Intinction is a method of taking Holy Communion, a sacred Christian practice that commemorates the Last Supper of Jesus Christ with his disciples. During the Last Supper, Jesus broke bread and shared wine, instructing his followers to do the same in remembrance of him (Luke 22:19-20). The Christian tradition has continued this practice throughout the centuries, taking on various forms of administration. One such method is intinction, which involves dipping the bread into the wine before consuming both elements together. This blog post will explore the practice of intinction communion, its historical roots, scriptural basis, and significance in today’s Christian communities.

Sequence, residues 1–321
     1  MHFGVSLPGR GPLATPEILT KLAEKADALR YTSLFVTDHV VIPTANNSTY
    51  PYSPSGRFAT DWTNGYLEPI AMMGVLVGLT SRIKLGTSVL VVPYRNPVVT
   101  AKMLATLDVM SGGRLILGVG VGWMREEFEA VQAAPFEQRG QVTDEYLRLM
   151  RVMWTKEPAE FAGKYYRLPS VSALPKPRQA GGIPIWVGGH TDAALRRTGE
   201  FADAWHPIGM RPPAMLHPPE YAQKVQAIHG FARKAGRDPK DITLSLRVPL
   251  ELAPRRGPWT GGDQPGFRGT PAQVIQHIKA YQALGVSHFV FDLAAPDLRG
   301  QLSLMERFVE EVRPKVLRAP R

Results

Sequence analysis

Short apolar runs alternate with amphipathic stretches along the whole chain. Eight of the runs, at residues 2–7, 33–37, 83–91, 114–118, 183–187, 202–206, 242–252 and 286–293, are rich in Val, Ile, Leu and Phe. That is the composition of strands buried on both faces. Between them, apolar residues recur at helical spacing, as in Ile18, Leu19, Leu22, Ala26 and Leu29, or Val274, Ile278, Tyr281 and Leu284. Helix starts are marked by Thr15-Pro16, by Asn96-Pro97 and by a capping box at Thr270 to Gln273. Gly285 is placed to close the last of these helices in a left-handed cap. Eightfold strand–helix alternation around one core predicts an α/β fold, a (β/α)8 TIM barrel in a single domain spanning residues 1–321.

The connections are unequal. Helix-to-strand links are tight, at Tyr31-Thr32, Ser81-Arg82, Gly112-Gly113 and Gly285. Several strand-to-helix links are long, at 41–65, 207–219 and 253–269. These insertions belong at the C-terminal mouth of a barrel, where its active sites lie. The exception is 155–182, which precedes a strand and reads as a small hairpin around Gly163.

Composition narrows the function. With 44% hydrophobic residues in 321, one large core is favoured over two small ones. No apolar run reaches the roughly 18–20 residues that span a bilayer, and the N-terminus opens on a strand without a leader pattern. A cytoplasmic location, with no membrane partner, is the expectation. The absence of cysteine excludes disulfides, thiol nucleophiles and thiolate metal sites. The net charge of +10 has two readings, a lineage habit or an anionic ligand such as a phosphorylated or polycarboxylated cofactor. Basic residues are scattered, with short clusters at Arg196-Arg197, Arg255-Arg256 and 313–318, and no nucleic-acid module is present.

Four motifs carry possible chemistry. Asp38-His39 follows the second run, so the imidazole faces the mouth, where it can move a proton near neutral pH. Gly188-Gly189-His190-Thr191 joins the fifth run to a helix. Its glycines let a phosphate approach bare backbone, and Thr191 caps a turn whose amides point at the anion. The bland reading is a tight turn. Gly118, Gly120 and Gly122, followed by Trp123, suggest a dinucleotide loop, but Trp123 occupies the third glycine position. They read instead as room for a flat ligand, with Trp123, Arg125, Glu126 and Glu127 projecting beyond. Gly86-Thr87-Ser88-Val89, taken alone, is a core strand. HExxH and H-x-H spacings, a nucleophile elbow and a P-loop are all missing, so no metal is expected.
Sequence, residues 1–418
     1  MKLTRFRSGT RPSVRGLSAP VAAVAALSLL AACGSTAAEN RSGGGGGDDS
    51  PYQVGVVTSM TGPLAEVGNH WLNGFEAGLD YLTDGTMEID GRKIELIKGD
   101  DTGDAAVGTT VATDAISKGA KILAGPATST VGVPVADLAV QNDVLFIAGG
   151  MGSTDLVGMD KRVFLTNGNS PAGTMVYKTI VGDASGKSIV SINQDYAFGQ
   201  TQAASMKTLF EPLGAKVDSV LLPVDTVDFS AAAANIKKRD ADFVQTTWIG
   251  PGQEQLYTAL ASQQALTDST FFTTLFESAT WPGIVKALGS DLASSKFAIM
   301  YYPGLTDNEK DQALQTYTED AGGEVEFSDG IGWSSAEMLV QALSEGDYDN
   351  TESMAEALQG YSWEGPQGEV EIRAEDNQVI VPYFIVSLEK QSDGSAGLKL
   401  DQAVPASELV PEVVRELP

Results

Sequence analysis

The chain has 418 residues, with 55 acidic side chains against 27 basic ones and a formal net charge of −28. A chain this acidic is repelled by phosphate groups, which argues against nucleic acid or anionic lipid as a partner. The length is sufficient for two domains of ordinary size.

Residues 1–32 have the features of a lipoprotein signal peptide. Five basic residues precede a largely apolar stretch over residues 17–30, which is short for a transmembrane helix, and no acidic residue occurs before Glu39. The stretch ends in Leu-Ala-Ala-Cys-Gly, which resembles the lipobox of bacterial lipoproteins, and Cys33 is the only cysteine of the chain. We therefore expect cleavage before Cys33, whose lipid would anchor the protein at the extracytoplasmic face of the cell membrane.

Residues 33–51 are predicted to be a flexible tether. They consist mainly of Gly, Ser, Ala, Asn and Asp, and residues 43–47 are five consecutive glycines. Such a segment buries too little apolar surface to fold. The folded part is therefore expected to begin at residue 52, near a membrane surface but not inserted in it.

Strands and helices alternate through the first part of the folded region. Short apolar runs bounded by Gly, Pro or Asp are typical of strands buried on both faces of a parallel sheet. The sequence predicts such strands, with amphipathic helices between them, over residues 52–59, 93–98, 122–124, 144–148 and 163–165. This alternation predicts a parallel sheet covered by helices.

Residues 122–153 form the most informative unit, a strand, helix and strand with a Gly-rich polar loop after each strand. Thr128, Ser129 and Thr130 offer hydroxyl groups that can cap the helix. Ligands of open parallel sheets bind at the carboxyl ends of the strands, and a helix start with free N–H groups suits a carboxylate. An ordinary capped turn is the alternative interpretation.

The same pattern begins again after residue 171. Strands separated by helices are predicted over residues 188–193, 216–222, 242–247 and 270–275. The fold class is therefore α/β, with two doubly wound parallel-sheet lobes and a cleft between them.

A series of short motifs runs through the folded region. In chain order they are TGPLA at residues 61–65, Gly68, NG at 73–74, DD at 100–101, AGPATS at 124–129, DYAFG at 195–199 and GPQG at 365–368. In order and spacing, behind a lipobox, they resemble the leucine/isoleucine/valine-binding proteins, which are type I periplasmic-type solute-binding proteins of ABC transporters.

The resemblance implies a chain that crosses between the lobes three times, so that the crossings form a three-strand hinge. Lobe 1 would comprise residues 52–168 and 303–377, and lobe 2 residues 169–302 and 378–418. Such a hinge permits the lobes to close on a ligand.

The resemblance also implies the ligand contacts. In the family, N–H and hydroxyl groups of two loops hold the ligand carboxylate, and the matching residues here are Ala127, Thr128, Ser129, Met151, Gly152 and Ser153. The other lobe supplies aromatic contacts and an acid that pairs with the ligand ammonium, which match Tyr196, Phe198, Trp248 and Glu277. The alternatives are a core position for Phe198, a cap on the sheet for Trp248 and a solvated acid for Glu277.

Although intinction communion may be less familiar to some, it has a rich history and theological significance. It serves as an important reminder of the unity and connection that Christians share with one another and with Christ. As we delve into the practice of intinction communion, let us be mindful of its deep roots and its potential to bring us closer to the heart of Christian worship.
Historical Background of Intinction Communion
Intinction communion has been practiced in various forms since the early centuries of Christianity. Some evidence suggests that this method was utilized as early as the 2nd century. The practice became more widespread by the 4th century, particularly in the Eastern Orthodox Church. Intinction eventually made its way to the Western Church, where it was primarily employed in monastic communities.